A  The Executors named in the Will are responsible for dealing with the Estate, including obtaining Grant of Probate where necessary. The Executors may administer an estate and apply for Probate themselves or instruct a probate lawyer to do it on their behalf.

Where there is no Will an estate must be administered according to the intestacy rules. In this case an application for Letters of Administration is made to the Probate Registry. The Letters of Administration identify the Administrators who have authority to administer the estate.

What is a Grant of Probate?

A  Grant of Probate is a document proving the legal authority to administer an estate given by the Probate Registry which is a department of HM Courts and Tribunals service.

What is a Personal Representative in probate?

A  A Personal Representative is a person who is legally responsible for administering an estate. They could be either an Executor (where there was a Will) or an Administrator (where there was no Will and Letters of Administration were granted – or there is a Will but no Executors eg Executors have died and a Beneficiary is applying to administer the estate).

Executors don’t want to act – who can administer the estate?

A  Any of the beneficiaries – however there is an order of priority of who can act set out by the Non Contentious Probate Rules.

The bank have closed an account and want to transfer money. Can I put it in my account?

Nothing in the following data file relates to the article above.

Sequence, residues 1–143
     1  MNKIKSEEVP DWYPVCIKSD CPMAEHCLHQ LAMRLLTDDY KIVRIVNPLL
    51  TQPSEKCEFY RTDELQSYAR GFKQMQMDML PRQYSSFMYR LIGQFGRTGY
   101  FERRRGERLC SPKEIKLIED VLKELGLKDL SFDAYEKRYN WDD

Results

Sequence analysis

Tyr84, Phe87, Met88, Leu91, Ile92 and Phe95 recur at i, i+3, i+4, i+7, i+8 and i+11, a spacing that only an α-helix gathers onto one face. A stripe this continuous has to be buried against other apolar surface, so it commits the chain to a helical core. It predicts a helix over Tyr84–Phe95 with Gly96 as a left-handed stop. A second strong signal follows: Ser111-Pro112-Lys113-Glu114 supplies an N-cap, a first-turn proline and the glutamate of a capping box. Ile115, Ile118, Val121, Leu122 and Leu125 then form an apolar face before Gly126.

A  This depends. If you are the sole beneficiary and executor and there are no debts and no inheritance tax it may be ok. Generally, however, this is not advisable. The Executors should open an Executor’s account to receive the Estate’s money and keep it separate from their own. You have an obligation to protect the Estate’s money for the beneficiaries.

High street banks don’t always offer an executor’s account so the next best thing is to open a joint account with the other Executor. A probate lawyer will use a special client account which removes the requirement to open an executor’s account.

Is Probate required?

A  You do not always need Probate to deal with a deceased person’s estate. Whether or not Probate is required is determined by the assets in the Estate – what their value is and how they are held. 

If the Estate is small, Probate may not be required. Likewise if accounts are held in joint names they can usually pass to the surviving account holder without Probate on production of a death certificate.